I want to draw attention to one image I kept coming back to during this session. It’s that of a dam; more specifically, the dams my siblings and I used to build down the glen at my Grandparent’s home. We’d pull rocks from the sides of the burn and out of the water, building them up to change the flow of the current, or stop it altogether. As I move through the memory of this place memories bind themselves to the feeling, to how myself and others relate to it. To me the dam is the blockade so many people are putting up because they think it’s emotional preservation, but truly we need to let it down. I think about Audree’s words here; we need to melt.

I move through a dam of my own here, and I wondered, could there be a dam with me as I perform, that breaks apart? I don’t imagine myself alone when I perform this; there’s other elements. Maybe a dam of stones is one of them.

playtime (week 1) 1

It’s funny to now come back to this, over a week later. The intensity of it is still there, but there’s also a lot of pain in my soul now. I want to go back to that intensity, and discuss that, rather than the things that have come to taint my memory of it. It’s funny isn’t it? How we hold memories as solid beings but they’re total fluid, shifting with time and age.

The above is several moments from my first day in the rehearsal room. My making has a loose structure; playtime, formation and finesse. Playtime is the heart of my forthcoming work; it’s where I can work through ideas and questions, and most importantly, make mistakes. As an improviser failure is core to my dancing; without it I am a feelingless bag of bones shifting my weight around the space.

So it’s play; it’s silly, it sometimes feels directionless. I implement rules for guidance, but like any good playtime, I break them a lot. Here I posed myself several impossible questions, or tasks, to move through, against and beyond. This as a process is something I’ve adopted from Deborah Hay, whose work propels itself from the same starting point. She said, of Nora’s Where Home Is:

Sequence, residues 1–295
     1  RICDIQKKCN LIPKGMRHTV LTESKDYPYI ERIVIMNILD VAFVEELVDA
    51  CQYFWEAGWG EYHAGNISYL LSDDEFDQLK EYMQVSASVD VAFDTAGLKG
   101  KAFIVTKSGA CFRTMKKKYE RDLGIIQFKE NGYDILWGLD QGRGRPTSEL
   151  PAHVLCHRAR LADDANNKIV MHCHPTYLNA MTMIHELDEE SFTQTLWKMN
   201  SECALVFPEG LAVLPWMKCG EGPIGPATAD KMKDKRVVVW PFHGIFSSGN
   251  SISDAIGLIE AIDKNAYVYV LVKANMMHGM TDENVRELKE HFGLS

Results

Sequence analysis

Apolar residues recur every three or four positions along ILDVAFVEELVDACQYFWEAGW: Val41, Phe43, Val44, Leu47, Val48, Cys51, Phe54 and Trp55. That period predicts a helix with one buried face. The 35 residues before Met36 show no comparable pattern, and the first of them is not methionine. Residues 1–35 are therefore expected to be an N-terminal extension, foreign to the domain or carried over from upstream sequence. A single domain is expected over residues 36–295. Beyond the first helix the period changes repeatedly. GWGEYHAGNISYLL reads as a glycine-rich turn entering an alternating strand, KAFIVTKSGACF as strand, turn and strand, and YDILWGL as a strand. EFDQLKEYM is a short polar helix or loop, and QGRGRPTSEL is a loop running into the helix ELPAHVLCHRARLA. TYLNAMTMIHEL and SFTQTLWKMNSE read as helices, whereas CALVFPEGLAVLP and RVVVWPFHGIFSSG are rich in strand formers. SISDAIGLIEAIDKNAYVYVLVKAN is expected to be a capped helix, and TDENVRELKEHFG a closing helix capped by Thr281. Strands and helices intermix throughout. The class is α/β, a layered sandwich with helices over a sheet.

‘I am interested in choreography that does not look like anything and is performed by exceptionally astute and experienced dancers.
Their behavior disorienting, comfortingly spare, right in silence. Gone the predator, no do-gooders around, everything moves, inextricably bound.’ –
(Deborah Hay, 2018)

This thinking draws me out of myself. I still face my own limitations: I am uneasy moving in silence; I sometimes find myself attempting things my body knows no how to execute; my mind wanders, a lot. I have no solutions for them yet, only a desire to overcome them.

There was one task and one question I worked through during the above session. The first is draw a map to something you’ve lost. The impossibility of it draws me out of my body towards my own words. I didn’t find it, but now, a week later, I’ve actually lost something, I wonder how this might be different.

The question rambles on: what is the force of a map, if the map is made by the moving body, and those movements are at a tension between their birth and vanishment? I like the layers of it. I like force, as a giver, a pusher, a doer in the space.

There are several images from the above I might return to, but one that leans into pedestrian movement is the action of skimming stones. You’ll see it, in there somewhere. It struck me, as my body began to curl and throw an invisible stone into an invisible body of water. The repetition, exhaustion, over and over, definition growing and growing. I like this idea that the marks of a skimmed stone are the memories of it, impressed into the water momentarily, before being carried away into the heart of the lake.

My final thought for today comes back to Where Home Is. This work really strikes me in its collision between abstract movement and authentic feeling. One of my fears for the work I am making is a fear that if the map is just for me, why share it with an audience? I don’t have an answer, but I am slightly consumed by a heightened awareness of how to make it emotionally accessible. I feel I must come back to myself, to the why, to the feeling. That’s what the moving does, so I’ll likely keep doing that.

how to make a map